A teacher sent him to the principal when she noticed him smelling the marker and his clothing. "It smelled good," Harris said. "They told me that's wrong." Eathan's father, John Harris, says the school overreacted for treating Eathan as if he was huffing, or inhaling, marker fumes. "I think it's outlandish," John Harris said. "It's ridiculous."Government schools; ensuring mediocrity since 1979.
"This is really, really, seriously dangerous," Benisch said. In his letter suspending the child, Benisch wrote that smelling the marker fumes could cause the boy to "become intoxicated."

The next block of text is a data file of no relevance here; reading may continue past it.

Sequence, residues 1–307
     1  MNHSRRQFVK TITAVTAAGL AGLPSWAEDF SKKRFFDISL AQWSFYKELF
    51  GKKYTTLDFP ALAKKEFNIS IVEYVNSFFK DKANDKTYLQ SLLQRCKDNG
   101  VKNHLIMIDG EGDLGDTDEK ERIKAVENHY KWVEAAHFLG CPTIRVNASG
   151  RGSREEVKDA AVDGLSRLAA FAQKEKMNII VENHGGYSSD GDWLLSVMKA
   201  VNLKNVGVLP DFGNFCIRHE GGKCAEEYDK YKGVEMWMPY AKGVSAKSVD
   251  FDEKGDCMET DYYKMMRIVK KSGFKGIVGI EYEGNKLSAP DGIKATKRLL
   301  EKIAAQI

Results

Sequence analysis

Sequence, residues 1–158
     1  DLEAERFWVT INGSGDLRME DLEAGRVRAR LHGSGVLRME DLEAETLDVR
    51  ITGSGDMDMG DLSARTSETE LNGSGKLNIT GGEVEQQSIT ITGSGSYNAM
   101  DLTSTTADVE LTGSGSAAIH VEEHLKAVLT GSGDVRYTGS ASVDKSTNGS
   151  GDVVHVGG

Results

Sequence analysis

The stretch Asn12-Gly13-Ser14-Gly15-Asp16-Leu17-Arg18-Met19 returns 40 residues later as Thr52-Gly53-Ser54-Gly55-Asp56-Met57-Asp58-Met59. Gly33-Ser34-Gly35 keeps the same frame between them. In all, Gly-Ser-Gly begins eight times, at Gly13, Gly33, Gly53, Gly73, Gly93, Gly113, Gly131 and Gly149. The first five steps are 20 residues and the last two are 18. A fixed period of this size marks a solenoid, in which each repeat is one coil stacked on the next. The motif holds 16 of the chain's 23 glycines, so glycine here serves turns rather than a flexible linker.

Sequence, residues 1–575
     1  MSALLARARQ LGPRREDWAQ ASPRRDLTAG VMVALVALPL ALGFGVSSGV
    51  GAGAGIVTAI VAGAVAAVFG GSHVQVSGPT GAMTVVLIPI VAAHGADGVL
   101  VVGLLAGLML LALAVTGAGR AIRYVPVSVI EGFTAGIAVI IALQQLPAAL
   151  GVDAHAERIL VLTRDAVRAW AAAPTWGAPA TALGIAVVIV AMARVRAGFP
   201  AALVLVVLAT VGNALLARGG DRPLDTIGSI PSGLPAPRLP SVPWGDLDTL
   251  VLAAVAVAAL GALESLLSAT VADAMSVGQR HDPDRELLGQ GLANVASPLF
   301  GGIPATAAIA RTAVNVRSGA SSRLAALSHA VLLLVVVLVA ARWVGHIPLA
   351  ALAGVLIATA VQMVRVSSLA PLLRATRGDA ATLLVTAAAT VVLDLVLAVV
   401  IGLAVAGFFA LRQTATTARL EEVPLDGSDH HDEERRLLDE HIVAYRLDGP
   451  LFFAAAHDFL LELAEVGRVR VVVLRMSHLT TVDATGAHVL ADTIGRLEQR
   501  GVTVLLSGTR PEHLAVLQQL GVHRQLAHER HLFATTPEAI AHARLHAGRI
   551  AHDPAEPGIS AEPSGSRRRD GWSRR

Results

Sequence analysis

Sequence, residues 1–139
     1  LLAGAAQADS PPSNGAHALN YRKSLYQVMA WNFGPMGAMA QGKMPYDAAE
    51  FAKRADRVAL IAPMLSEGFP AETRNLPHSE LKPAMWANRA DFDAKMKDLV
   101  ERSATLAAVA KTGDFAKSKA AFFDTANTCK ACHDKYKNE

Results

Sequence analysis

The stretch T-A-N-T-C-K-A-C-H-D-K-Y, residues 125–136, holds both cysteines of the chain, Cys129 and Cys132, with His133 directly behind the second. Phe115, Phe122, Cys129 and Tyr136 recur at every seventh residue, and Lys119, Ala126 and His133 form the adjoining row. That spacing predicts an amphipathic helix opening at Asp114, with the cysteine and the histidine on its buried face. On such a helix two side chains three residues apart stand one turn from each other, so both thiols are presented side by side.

A toxicologist with the Rocky Mountain Poison Control Center says that claim is nearly impossible. Dr. Eric Lavonas says non-toxic markers like Sharpies, while pungent-smelling, cannot be used to get high. "I don't know whether it would be possible for a real overachiever to figure out a way to get high off them," Lavonas said. "But in regular use, it's just not something that's going to happen." "If you went to Costco and bought 50 bags of Sharpies and did something to them, maybe there's a way to get creative and make it happen," Lavonas said.
15 April 2008
Don't Confuse Me With Facts
I'm a public school administrator and I'm too busy to deal with reality: